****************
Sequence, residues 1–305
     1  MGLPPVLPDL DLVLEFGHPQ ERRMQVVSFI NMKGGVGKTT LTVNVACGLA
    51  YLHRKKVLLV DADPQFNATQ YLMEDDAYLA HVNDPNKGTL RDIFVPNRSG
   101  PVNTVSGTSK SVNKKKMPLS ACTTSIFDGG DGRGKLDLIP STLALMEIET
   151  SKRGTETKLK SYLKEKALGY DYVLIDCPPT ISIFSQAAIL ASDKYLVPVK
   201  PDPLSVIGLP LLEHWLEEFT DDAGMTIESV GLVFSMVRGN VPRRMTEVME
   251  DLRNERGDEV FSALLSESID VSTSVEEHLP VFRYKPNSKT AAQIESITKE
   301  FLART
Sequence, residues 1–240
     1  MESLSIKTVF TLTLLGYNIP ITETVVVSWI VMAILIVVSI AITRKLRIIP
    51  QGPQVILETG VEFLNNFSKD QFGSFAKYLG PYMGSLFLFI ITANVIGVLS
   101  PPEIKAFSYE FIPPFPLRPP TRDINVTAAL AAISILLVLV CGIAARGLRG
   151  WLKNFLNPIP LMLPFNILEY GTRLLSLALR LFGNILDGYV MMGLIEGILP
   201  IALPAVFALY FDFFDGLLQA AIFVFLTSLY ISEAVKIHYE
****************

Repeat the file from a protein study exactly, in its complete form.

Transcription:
Sequence, residues 1–305
     1  MGLPPVLPDL DLVLEFGHPQ ERRMQVVSFI NMKGGVGKTT LTVNVACGLA
    51  YLHRKKVLLV DADPQFNATQ YLMEDDAYLA HVNDPNKGTL RDIFVPNRSG
   101  PVNTVSGTSK SVNKKKMPLS ACTTSIFDGG DGRGKLDLIP STLALMEIET
   151  SKRGTETKLK SYLKEKALGY DYVLIDCPPT ISIFSQAAIL ASDKYLVPVK
   201  PDPLSVIGLP LLEHWLEEFT DDAGMTIESV GLVFSMVRGN VPRRMTEVME
   251  DLRNERGDEV FSALLSESID VSTSVEEHLP VFRYKPNSKT AAQIESITKE
   301  FLART
Sequence, residues 1–240
     1  MESLSIKTVF TLTLLGYNIP ITETVVVSWI VMAILIVVSI AITRKLRIIP
    51  QGPQVILETG VEFLNNFSKD QFGSFAKYLG PYMGSLFLFI ITANVIGVLS
   101  PPEIKAFSYE FIPPFPLRPP TRDINVTAAL AAISILLVLV CGIAARGLRG
   151  WLKNFLNPIP LMLPFNILEY GTRLLSLALR LFGNILDGYV MMGLIEGILP
   201  IALPAVFALY FDFFDGLLQA AIFVFLTSLY ISEAVKIHYE